Sen. Lindsey Graham, R-S.C., speaks during a Capitol Hill news...

Sen. Lindsey Graham, R-S.C., speaks during a Capitol Hill news conference in Washington about the investigation of the deadly Sept. 11 attack on the U.S. consulate in Benghazi. (Dec. 21, 2012) Credit: AP

The Republicans are coming! The Republicans are coming!

I spent this weekend in South Carolina, where there is practically always a Republican presidential hopeful wandering around. By the summer before the summer before an election, they are everywhere: standing by the sweet tea urn offering refills, speaking at Rotary Club luncheons, fending off rabbits bent on attacking your garden.

They swarm because South Carolina is the earliest Republican primary that's generally believed, unlike the Iowa caucuses and New Hampshire primary, to reflect the mood of mainstream Republicans. Until former Speaker Newt Gingrich won in 2012, no Republican had ever carried the South Carolina primary and failed to earn the nomination.

The fascinating question this time around is whether the chaos of the 2012 race, which saw fringe Republicans from Michele Bachmann to Herman Cain take turns as the leader in the polls, will be repeated. So far, the answer is, "Retired neurosurgeon Ben Carson won the Southern Republican Leadership Conference straw poll Saturday."

South Carolina's own Sen. Lindsey Graham will announce his White House bid Monday in his hometown of Central, population about 5,000. I took my family there Sunday, both to revisit his roots and because the fried chicken, biscuits and homemade desserts at the Central Station Cafe are good enough, as we say down here, to make you slap your momma. I have no idea what this means, but we do say it.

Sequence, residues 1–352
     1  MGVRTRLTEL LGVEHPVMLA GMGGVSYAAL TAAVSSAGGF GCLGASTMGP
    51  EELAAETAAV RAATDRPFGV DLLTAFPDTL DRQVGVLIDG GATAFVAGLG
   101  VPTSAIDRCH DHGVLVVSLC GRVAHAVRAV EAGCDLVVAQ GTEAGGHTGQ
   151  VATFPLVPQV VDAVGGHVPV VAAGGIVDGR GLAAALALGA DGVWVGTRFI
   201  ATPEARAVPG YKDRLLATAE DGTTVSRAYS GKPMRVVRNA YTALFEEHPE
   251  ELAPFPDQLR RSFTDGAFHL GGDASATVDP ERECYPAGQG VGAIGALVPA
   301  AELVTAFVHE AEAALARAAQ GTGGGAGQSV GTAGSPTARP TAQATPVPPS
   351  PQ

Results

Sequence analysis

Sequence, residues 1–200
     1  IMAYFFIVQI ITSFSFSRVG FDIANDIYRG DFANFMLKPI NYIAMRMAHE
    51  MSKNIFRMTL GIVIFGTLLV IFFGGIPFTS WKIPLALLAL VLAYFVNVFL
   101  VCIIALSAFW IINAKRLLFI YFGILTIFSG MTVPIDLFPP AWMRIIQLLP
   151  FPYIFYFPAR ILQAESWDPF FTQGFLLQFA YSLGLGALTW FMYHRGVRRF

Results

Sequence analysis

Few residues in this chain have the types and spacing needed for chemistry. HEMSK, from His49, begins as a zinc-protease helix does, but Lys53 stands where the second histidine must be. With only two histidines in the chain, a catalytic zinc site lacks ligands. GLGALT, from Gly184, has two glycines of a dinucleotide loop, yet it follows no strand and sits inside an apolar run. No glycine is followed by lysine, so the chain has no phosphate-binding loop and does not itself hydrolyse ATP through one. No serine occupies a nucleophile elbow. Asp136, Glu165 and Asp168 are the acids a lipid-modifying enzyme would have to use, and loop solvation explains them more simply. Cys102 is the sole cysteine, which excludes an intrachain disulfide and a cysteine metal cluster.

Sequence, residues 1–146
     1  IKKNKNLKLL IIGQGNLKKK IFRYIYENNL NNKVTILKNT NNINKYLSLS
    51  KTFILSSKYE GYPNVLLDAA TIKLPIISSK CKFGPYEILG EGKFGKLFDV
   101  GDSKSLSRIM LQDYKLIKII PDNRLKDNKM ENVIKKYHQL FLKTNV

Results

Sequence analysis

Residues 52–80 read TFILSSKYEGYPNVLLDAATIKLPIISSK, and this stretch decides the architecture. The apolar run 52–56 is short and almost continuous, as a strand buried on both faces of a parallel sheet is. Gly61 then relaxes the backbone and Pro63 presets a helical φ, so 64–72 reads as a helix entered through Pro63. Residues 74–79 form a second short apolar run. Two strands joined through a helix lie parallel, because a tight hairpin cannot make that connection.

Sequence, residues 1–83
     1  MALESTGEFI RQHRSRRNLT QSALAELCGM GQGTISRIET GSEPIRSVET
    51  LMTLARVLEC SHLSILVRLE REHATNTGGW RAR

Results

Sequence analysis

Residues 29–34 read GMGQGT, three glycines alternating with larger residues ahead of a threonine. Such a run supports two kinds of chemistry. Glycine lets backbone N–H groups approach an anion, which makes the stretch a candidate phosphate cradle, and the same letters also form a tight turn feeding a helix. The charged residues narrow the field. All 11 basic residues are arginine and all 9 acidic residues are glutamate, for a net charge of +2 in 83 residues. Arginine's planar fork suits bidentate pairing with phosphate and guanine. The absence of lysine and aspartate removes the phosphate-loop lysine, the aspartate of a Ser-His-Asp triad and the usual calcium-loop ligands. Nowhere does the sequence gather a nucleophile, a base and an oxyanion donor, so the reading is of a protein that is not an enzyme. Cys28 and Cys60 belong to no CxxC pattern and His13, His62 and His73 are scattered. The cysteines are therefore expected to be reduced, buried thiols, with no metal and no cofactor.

I first met Graham in 2001. I was a reporter at the local paper covering Central and he was a House member running to take the Senate seat the 276-year-old Strom Thurmond was vacating. Graham is a reporter's dream, much like his mentor and friend, Sen. John McCain (R-Ariz.). His entertaining and provocative views make him a darling of the Sunday-morning interview circuit. He's also indicative of the vast philosophical wingspan of the GOP.

Graham believes in climate change. One of the most hawkish members of the Senate, he recently said, "Get ready for a voice that understands you can't save America without someone willing to sacrifice and die for America . . . To our enemies, get ready, because there's a new way of doing business coming."

He is strongly pro-immigrant. He voted for President Barack Obama's Supreme Court picks, Sonia Sotomayor and Elena Kagan, on the Senate Judiciary Committee and on the floor, because, he said, "Elections have consequences."

He is a successful South Carolina Republican who has endured for decades rumors that he is gay, rumors he categorically denies. And he is, gasp, maybe the most aggressively bipartisan senator in Washington.

Graham. Carson. Jeb Bush. Bobby Jindal. Rand Paul. Mike Huckabee. Carly Fiorina. Ted Cruz. Chris Christie. Scott Walker. Rick Santorum. Rick Perry. Marco Rubio.

There are libertarians and Christian conservatives and southerners and midwesterners and big-money establishment types and white guys and Hispanics and a black neurosurgeon who has compared the Islamic State with America's Founding Fathers.

Together they represent a wide breadth of philosophies, and they're going to make this nomination battle a fight for the direction of the Republican Party. That's a fight worth paying attention to.

And I haven't even mentioned the presidential aspirations of one of New York's own ex-governors, George Pataki. He favors abortion rights. He is largely supportive of same-sex marriage. I have always found the most fascinating thing about him to be his middle name, Elmer, but he does work to prove the assertion: Right now just about any idea or candidate can find some space in the race for the Republican nomination.

Lane Filler is a member of Newsday's editorial board.

Newsday LogoYour Island. Your Community. Your News.Digital AccessOnly 25¢for 5 months